According to Ovum Research, "OTT VoIP will cost the global telecom industry $479 billion in lost cumulative revenues by 2020, which represents 6.9 percent of cumulative total voice revenues." mobileSquared in a recent report stated that "In 2012, OTT users accounted for 2% of the total global mobile subscription base, this number will rise to 18% in 2016." Service providers understand that a trend in the rise of OTT services will result in a reduction of traffic over their networks. Service providers have to decide how they are going to combat this threat, will they buy or partner an existing OTT player, create their own OTT solution or block them. I believe blocking them will not work as users will simply switch networks. That leaves joining an existing OTT player or creating their own OTT solution. I believe that AudioCodes with its strong VoIP engineering house and its 20 years of enterprise relationships under its belt is uniquely placed to benefit from the attentions of the service providers. The company is run by a brilliant engineer in the VoIP market and it just acquired two software heads that are on par with him making this small capitalization company fundamentally strong in R&D and business development. I believe that these great minds are about to potentially solve one SP or many SPs OTT fears if how I see the VMAS product is close to correct. I'm calling for one of the SPs to make a run for the company if AudioCodes delivers the product they showcased at mobile World Congress 2013 back in February.
Telefonica Acquired Jajah:
"Jajah services are used in around 200 countries by millions of people and are integrated into everyday instant messaging and social media applications, as well as through its own JAJAH direct-to-consumer offer. Its business solutions, which provide seamless IP communications services across the organization, regardless of location or device, are used by thousands of small-to-medium and large enterprises across the world."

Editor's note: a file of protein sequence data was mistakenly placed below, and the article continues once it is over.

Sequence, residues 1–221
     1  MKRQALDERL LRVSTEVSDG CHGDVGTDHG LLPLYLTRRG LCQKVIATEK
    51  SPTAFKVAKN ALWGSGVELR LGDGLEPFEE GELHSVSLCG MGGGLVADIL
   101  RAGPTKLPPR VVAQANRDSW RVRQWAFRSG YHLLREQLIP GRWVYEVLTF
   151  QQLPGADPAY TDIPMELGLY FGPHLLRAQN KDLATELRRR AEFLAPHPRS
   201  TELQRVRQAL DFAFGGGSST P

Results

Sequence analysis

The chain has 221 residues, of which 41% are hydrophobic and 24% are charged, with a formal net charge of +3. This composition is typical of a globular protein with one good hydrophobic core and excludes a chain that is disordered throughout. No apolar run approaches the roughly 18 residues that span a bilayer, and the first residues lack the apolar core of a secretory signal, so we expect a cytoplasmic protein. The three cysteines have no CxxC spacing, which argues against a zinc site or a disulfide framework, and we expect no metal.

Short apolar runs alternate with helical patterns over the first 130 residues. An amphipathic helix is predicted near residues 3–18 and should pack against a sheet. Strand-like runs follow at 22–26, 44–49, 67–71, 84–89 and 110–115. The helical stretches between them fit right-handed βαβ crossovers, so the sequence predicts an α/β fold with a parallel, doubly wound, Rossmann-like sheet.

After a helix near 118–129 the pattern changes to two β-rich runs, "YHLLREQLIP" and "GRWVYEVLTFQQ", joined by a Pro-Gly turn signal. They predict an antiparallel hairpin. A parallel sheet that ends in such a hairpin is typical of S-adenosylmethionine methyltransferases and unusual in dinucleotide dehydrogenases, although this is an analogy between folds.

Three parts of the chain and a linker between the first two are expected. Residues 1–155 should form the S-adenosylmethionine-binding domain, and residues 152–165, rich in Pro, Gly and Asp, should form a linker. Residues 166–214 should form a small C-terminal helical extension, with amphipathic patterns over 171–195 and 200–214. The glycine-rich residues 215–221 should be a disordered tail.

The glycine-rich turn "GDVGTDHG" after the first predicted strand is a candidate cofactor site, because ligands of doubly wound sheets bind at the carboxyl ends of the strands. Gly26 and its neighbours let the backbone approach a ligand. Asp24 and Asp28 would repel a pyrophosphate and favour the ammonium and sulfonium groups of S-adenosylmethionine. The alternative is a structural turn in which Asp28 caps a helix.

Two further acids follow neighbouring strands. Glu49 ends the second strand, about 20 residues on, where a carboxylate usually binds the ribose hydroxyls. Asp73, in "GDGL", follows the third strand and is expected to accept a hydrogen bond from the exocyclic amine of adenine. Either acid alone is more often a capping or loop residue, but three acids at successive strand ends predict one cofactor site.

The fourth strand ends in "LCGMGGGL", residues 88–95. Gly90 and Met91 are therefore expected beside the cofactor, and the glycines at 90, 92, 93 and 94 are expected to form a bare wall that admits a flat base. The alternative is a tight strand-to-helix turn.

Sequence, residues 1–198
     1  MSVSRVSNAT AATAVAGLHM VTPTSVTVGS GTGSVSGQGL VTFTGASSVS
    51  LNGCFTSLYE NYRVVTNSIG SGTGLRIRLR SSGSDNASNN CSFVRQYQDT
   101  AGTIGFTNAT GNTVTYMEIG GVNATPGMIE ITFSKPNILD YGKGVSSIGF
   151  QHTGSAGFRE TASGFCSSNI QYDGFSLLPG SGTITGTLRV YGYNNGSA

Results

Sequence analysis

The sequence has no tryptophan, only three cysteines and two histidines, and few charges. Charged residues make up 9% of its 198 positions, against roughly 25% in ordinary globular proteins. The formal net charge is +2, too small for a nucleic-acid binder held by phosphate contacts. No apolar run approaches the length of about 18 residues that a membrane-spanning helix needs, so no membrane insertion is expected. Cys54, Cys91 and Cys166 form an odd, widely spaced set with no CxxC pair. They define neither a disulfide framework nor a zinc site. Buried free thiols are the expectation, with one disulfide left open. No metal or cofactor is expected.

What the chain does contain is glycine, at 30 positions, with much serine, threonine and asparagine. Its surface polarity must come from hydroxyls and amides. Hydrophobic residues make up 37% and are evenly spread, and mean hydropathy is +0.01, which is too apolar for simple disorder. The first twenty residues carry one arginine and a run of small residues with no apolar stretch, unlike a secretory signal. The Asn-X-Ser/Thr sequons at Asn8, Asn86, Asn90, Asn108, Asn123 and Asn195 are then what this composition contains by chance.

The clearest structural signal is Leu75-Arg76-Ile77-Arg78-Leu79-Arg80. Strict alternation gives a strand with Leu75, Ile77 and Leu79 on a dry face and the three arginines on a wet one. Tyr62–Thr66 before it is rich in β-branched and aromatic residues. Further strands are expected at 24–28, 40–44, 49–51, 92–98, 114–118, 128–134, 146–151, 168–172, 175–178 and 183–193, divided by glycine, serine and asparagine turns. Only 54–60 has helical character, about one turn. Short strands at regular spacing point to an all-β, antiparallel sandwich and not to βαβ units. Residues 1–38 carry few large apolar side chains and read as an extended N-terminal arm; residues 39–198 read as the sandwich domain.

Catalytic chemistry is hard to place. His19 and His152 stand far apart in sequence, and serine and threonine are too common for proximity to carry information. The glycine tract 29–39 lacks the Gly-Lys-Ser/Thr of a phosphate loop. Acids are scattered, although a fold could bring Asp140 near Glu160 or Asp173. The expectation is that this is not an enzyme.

Jajah's CEO stated that one of the keys to success was hiring an Israeli engineering team, "The company hired great engineers (Jajah's Israel team was "killer", says Healy. The company originated in Vienna, later moved its headquarters to Mountain View, but kept its engineering team in Israel)."
In January, 2012 MailVision announced the appointment of a new head of R&D Shuky Barbash. Mr. Barbash was previously the VP of R&D at Jajah.
We have all heard the saying birds of a feather flock together. Jajah and MailVision both have its teams in Israel, when doing my research I have found both teams to be very much connected at times. These groups are either working on a big Telefonica deal or Jajah people are just in the same field. I believe there's a business connection between the two VoIP players. To me, Jajah reflects what MailVision and AudioCodes have been working on. Telefonica acquired Jajah for $207 million which would be the equivalent to $5 per share for AC. I remind you, eBay (NASDAQ:EBAY) paid 2.5 billion for Skype only to sell it later for $8.5 billion to Microsoft (NASDAQ:MSFT). In essence, AudioCodes has a Jajah, Skype, Viber type solution and now it's time for it to monetize this unique asset with a large SP like UPC - Europe or AudioCodes may have to go after it itself and make this asset worth 200 million, 400 million or more in the next 2-3 years.